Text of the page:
Our research in this area develops and applies a wide range of methods of palaeo-environmental reconstruction (field, laboratory, microfossil, isotopic, experimental and analytical techniques) to understand earth/ ice sheet/ ocean/ sea level/ climate interactions since the Last Glacial Maximum. Much of the work involves high resolution relative sea-level reconstructions based on lake isolation data. These lakes were once below sea-level but have been uplifted from the sea by glacio-isostatic rebound. By coring them and examining their sediment for diatoms and other environmenatl proxies, it is possible to reconstruct the spatial and temporal pattern of uplift and deglacial history of a region. Recent projects include field locations in west and northwest Scotland, Greenland, Iceland and Norway (near-field locations). Other projects, in areas far away from the Last Glacial Maximum ice masses (far-field locations), also contribute to a better understanding of large scale sea-level change as well as local-scale coastal processes.

A combination of sea-level records from near-field and far-field locations, some covering more than 16,000 years, constrain global models of earth rheology and glacial history since the Last Glacial Maximum, providing quantitative limits on global meltwater discharge in terms of timing, magnitude and source.

Selected Publications

  • Shennan, I., Hamilton, S., Hillier, C., and Woodroffe, S. (2005). A 16 000-year record of near-field relative sea-level changes, northwest Scotland, United Kingdom. Quaternary International, 133-134, 95-106.
  • Zong, Y. and Hassan, K. B. (2004). Diatom assemblages from two mangrove tidal flats in peninsular Malaysia. Diatom Research, 19, 329-344.
  • Zong, Y. (2004). Mid-Holocene sea-level highstand along the Southeast Coast of China. Quaternary International, 117, 55-67.
  • Long, A. J., Roberts, D. H. and Rasch, M. (2003). The deglacial and relative sea-level history of Innaarsuit, Disko Bugt, West Greenland". Quaternary Research, 60, 162-171.
  • Shennan, I., and Milne, G. (2003). Sea-level observations around the Last Glacial Maximum from the Bonaparte Gulf, NW Australia. Quaternary Science Reviews, 22, 1543-1547.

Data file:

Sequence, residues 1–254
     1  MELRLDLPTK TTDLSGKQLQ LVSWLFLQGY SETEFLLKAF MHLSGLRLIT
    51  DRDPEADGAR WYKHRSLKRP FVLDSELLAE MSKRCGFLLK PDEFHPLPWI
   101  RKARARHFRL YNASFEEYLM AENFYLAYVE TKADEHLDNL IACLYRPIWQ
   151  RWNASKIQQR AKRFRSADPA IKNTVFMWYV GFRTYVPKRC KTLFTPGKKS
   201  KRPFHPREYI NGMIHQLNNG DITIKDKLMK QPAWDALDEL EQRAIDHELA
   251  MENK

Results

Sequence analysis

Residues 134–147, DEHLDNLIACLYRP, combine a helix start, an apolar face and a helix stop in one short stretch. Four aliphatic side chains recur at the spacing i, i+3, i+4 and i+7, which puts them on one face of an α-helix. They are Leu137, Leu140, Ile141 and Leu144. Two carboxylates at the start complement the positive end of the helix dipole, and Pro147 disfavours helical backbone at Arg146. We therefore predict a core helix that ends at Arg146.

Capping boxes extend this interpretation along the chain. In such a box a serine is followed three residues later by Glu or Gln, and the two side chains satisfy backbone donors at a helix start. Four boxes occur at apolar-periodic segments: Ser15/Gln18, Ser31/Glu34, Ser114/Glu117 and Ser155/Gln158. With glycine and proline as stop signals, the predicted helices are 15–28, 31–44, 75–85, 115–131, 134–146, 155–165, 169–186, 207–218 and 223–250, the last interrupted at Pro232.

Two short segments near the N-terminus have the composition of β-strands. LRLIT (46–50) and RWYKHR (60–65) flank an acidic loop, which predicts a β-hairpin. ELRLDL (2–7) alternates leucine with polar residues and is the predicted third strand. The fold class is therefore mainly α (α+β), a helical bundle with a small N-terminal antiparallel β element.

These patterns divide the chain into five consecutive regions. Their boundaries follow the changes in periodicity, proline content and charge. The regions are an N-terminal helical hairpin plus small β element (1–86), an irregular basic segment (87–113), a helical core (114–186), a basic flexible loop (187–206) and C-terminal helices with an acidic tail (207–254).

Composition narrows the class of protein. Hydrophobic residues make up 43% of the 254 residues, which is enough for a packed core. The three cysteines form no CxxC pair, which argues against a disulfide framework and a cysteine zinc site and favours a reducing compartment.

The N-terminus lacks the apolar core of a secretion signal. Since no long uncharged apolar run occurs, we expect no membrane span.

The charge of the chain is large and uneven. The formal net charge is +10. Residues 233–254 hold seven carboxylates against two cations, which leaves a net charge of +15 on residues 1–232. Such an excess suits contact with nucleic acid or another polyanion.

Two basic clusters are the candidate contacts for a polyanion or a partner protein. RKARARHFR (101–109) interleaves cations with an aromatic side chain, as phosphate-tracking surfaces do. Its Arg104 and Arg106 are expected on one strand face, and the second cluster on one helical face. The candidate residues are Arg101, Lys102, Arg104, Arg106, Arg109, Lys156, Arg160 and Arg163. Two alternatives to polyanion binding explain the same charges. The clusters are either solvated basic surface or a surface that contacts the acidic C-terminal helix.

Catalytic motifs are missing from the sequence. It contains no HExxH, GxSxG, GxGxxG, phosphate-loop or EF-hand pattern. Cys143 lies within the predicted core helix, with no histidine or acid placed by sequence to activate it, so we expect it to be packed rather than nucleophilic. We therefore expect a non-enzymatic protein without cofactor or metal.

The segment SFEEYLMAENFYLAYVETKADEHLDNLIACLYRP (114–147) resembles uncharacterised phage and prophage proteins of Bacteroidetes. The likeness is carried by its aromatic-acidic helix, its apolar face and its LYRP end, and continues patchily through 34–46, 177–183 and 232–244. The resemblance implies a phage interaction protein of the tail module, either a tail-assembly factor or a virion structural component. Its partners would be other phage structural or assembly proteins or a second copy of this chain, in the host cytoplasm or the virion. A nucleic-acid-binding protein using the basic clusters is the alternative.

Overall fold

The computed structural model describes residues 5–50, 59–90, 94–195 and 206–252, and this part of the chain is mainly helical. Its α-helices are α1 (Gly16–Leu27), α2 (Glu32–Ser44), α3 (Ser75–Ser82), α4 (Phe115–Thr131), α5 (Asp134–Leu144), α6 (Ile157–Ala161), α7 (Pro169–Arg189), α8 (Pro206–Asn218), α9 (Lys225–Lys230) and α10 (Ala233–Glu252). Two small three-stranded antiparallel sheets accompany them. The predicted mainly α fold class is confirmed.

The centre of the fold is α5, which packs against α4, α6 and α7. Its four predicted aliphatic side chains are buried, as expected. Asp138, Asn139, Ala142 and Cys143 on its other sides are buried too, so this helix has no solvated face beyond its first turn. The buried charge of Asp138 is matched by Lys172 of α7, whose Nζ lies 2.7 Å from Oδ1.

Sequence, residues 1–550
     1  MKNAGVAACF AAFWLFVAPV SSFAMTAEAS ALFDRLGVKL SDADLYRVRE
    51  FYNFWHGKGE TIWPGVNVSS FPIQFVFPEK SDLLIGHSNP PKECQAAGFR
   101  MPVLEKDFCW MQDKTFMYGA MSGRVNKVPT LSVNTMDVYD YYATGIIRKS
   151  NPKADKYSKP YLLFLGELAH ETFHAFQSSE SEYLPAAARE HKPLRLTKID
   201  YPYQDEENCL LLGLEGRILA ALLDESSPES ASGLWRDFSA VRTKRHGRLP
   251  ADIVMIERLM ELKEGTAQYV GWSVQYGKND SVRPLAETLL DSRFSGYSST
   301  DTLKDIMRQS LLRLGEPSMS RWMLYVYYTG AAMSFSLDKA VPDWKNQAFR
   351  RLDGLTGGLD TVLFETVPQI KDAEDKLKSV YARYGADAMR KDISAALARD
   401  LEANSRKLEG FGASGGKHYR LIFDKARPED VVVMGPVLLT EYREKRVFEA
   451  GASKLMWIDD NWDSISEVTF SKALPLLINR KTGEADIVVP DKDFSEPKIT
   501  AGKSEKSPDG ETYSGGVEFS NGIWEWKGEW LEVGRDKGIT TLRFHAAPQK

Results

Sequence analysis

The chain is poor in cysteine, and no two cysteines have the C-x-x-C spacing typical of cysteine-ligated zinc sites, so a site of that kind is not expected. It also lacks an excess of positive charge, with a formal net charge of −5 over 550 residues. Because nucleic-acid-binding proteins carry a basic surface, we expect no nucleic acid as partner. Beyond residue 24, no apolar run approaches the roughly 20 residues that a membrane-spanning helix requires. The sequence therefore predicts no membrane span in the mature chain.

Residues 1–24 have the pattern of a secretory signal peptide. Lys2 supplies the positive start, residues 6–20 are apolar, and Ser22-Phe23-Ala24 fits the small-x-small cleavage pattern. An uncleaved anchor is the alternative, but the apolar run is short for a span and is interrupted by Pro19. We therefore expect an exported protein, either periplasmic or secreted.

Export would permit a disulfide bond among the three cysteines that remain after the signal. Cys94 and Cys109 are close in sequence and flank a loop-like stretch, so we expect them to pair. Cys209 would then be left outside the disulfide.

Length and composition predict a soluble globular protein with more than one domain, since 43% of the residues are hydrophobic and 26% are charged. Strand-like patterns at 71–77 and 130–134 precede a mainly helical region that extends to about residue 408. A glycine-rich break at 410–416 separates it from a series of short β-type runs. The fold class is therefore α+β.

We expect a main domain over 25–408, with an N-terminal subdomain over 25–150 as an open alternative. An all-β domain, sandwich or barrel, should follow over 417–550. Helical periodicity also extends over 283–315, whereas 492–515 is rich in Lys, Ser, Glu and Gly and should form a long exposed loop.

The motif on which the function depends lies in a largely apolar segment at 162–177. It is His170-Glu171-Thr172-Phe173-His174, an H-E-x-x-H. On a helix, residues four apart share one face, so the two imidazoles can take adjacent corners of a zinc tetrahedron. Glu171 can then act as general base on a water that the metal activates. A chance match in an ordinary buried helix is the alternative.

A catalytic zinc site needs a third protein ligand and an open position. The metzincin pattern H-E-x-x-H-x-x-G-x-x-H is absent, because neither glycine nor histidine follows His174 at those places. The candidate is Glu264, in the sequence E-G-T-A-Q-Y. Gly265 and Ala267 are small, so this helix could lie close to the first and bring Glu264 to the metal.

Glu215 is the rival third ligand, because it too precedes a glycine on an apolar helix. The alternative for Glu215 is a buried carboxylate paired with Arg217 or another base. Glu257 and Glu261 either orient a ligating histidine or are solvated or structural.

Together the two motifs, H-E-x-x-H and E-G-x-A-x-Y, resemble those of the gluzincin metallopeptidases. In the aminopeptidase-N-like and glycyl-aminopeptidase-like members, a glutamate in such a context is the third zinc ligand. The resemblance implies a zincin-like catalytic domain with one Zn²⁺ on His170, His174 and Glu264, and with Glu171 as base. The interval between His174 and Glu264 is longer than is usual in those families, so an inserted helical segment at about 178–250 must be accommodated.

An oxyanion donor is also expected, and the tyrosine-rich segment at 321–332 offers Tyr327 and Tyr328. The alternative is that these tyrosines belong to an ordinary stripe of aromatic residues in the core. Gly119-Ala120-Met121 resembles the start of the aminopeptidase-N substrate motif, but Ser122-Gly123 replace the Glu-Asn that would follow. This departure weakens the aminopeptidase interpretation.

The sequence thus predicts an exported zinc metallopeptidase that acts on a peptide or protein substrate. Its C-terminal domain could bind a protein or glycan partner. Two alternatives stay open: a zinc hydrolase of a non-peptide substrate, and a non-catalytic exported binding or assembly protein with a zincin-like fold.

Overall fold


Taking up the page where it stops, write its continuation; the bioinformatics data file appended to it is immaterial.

• Lloyd, J. M. and Evans, J. R. (2002). Contemporary and fossil foraminifera from isolation basins in northwest Scotland". Journal of Quaternary Science, 17, 431-443.
  • Shennan, I., Lambeck, K., Horton, B. P., Innes, J. B., Lloyd, J. M., McArthur, J. J., Purcell, T., and Rutherford, M. M. (2000). Late Devensian and Holocene records of relative sea-level changes in northwest Scotland and their implications for glacio-hydro-isostatic modelling. Quaternary Science Reviews, 19, 1103-1136.
  • Shennan, I., Lambeck, K., Horton, B. P., Innes, J. B., Lloyd, J. M., McArthur, J. J., and Rutherford, M. M. (2000). Holocene isostasy and relative sea-level changes on the east coast of England. In "Holocene land-ocean interaction and environmental change around the North Sea." (Shennan, I. and Andrews, J., Eds.), pp. 275-298. Geological Society, Special Publications, 166, London.
  • Long, A. J., Roberts D. H. and and Wright, M (1999). Isolation basin stratigraphy and Holocene relative sea-level change on Arveprinsen Ejland, Disko Bugt, West Greenland. Journal of Quaternary Science, 14, 323-345.
  • Lloyd, J. M., Shennan, I., Kirby, J. R., and Rutherford, M. M. (1999). Holocene relative sea-level changes in the inner Solway Firth. Quaternary International, 60, 83-105.

Research Areas

  • Coastal Evolution
  • Earthquake Hazard
  • Human Impacts and Coastal Hazards
  • Land Uplift and Subsidence
  • Late-Quaternary sea-level and environmental changes